Table of Contents
- Extravasation of blood into the subdural space between the dura and arachnoid membranes
- Most common neurosurgical emergency associated with high morbidity and mortality
- A potentially life-threatening condition requiring urgent surgical evacuation for good clinical outcomes
- mostly traumatic but can be spontaneous
- 50-90% death rate in acute traumatic SDH
- Incidence of traumatic SDH: 11-49%
- After surgical evacuation, recurrent rates as high as 20% in some cases
- Most commonly seen in MVAs in the younger population and from falls in the older age group
- May have a lucid interval in 12-38% of patients
- 35-80% present with GCS ≤8 with a mortality of 55-70%
- Death in patients with GCS 3-15: 30-60%
- Rupture of the bridging veins
- Mostly traumatic but can be spontaneous
- Spontaneous causes of acute SDH: anticoagulants/antiplatelet use, intracranial aneurysmal rupture
- Less common causes: AVMs rupture, cocaine abuse, vascular meningiomas, dural metastases, etc
Figure 1: Acute Subdural Hematoma on CT Brain
Case courtesy of Dr Andrew Ho, Radiopaedia.org, rID: 23274
- Parafalcine and tentorial
- Seen in younger patients with mild traumatic brain injury
- Managed nonoperatively
- Posterior fossa
- Poor outcome
- 50% death rate
- Coagulopathy present
- Associated with low GCS score and occipital fracture
- Seen in ruptured intracranial aneurysms, cancers, anticoagulants use, AIDS, bleeding disorders
- Cerebral blood flow changes
- Reduces significantly instantly after injury due to a decrease in CPP and an increase in ICP
- Cerebral vasoconstriction and defect in autoregulation after brain trauma also contribute to a decrease in CBF
- Hyperemia/hyperperfusion occurs followed by reperfusion injury by oxygen-derived free radicals that are associated with poor clinical outcome
- Occur following traumatic brain injury
- Trigger coagulation pathway increases the likelihood of bleeding
- Affects hemostasis, intracerebral hematoma formation, and expansion that lead to poor clinical outcomes
- Delayed deterioration
- Also known as talk and deteriorate
- Seen in the elderly
- Seen within 6 hours after trauma
- Atrophied brains in the elderly allow more intracranial space to accumulate blood and cerebral edema before clinical deterioration occurs
- Early identification and evacuation of hematoma are important to avoid this phenomenon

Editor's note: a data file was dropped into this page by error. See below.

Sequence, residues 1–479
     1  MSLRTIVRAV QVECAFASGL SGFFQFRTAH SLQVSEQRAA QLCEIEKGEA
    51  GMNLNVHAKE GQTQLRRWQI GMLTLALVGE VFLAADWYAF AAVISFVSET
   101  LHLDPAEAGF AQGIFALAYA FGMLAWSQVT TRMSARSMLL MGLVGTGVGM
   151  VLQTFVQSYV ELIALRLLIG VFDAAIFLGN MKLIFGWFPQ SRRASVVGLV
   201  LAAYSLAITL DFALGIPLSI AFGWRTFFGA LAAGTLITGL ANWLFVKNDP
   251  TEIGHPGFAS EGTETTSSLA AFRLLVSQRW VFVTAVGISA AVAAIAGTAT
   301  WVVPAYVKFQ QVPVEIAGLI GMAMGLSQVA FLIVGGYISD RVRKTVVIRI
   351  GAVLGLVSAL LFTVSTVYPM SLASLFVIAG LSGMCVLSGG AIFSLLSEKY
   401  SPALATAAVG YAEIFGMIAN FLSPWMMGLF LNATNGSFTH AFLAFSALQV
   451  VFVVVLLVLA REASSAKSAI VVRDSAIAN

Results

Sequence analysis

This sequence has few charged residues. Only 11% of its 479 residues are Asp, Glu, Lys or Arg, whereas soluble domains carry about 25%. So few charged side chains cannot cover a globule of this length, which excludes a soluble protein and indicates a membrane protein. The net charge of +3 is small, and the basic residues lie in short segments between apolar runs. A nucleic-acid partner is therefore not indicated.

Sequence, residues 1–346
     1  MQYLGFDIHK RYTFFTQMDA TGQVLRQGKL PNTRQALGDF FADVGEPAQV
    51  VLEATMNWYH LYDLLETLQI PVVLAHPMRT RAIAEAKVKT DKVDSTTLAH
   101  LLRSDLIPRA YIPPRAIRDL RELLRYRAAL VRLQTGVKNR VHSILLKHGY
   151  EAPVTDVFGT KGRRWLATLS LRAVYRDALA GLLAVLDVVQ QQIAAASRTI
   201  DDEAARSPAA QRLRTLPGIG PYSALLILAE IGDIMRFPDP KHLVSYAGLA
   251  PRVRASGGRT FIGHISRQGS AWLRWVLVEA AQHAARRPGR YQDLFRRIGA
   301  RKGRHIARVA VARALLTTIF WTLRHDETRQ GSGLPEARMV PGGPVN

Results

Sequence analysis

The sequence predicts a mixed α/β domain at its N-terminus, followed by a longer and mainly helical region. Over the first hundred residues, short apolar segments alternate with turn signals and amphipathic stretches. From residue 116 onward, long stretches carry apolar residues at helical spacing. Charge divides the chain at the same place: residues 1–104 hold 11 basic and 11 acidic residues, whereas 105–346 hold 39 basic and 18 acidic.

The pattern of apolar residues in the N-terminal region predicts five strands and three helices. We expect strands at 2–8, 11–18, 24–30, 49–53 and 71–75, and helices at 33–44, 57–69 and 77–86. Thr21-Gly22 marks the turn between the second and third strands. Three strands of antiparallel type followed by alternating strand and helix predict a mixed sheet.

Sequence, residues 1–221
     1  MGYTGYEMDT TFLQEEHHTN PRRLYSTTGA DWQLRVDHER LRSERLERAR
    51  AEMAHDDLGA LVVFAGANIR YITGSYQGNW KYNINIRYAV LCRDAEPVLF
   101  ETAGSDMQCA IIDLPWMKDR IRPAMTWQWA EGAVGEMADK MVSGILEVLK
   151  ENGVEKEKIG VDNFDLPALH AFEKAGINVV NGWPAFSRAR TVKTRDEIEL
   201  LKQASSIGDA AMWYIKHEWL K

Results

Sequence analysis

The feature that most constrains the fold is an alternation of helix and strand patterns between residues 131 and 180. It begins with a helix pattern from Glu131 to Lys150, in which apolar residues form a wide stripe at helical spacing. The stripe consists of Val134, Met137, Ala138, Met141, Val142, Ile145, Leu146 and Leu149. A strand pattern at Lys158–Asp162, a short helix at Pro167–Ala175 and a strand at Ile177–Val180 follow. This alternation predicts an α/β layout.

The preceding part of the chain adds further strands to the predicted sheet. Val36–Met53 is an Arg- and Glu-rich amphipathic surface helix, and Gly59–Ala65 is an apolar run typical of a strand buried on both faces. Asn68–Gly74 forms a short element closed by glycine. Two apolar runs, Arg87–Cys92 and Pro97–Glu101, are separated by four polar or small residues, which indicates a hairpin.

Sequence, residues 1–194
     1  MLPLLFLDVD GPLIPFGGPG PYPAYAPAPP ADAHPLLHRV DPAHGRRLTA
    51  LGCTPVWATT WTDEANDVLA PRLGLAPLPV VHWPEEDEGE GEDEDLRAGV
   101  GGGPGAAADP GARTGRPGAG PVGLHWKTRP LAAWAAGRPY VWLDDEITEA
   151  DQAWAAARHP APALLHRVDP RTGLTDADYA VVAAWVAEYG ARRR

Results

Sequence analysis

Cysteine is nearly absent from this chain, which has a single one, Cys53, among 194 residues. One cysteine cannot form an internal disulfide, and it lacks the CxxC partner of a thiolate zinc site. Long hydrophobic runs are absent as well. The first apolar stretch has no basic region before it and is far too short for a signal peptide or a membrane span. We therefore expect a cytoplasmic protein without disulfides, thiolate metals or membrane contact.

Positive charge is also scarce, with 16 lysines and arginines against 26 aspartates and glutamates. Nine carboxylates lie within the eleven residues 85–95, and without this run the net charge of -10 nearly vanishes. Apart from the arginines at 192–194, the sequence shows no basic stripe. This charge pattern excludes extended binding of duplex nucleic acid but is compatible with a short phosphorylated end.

- Altered mental status
- Motor weakness
- Epidural hematoma
- Subarachnoid hemorrhage
- Intracerebral hemorrhage
- Non-contrast CT scan of Head: easily available, Crescent shaped mass, sensitivity nearly 100%
- MRI is superior to CT in identifying small SDH, tentorial, and interhemispheric SDH
- Additional findings like midline shift, brain herniation, associated brain injuries can be seen in brain imaging
- Digital subtraction angiography in non-traumatic acute SDH for suspected rupture of a cerebral aneurysm
- Emergent resuscitation
- Neurosurgical consultation
- Maintenance of airway, breathing, and circulation
- Maintain Pao2> 60mm Hg and MAP> 65mm Hg
- Intubate patient, if unable to maintain the airway
- Rapid sequence intubation to facilitate endotracheal intubation
- Adequate intravenous access
- Reversal of anticoagulation to avoid hematoma expansion
- Intracranial pressure monitoring and treatment
- Elevate head of bed to 300
- Intracranial pressure Treatment
- ICP treatment only recommended if the patient is a surgical candidate and on the way to surgical intervention
- Brief Hyperventilation to maintain PaCO2 of 32-36 mm Hg (max 4 hours)
- Osmolar therapy with Mannitol 1 to 1.5g/kg and/or 30 to 120ml of 23.4% Hypertonic saline (on the way to surgical suite)
- Seizure prophylaxis: Phenytoin/fosphenytoin or Levetiracetam
- Blood pressure and cerebral perfusion pressure management
- Maintain CPP above 60 mm Hg in adults and 40-65mm Hg in children
- Fentanyl- 25 to 200 mcg/hr
- Remi-fentanyl- 0.5 to 2 mcg/kg/min
- Propofol- 5mcg/kg/min followed by increase in 5-10mcg/kg/min until adequate sedation is achieved
- Temperature control
- Maintain normothermia by acetaminophen
- Glucose control
- Maintain blood glucose level 120-180 mg/dl
- Avoid hyperglycemia using insulin sliding scales
- Stress ulcer prophylaxis
- PPIs preferred over H2 blockers, sucralfate
Indications for emergent surgery
- A rapid decline in neurological status Mydriasis: unilateral or bilateral Extensor posture Midline shift in CT Head > 5mmHematoma size in CT Head > 10mm
- Neurosurgical evacuation under general anesthesia
- Brain herniation
- Prognosis depends upon age, neurological condition, radiological appearance, the timing of neurosurgery, associated brain injuries, extracranial injuries, and postoperative care
- 25-50% of cases are comatose after the trauma
- 12-38% of cases undergo gradual neurological deterioration followed by coma a few hours after the trauma
- Overall bad prognosis in serious trauma to the brain parenchyma, associated brain edema and/or herniation
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Center for Neuro-Restoration at Cleveland Clinic Main Campus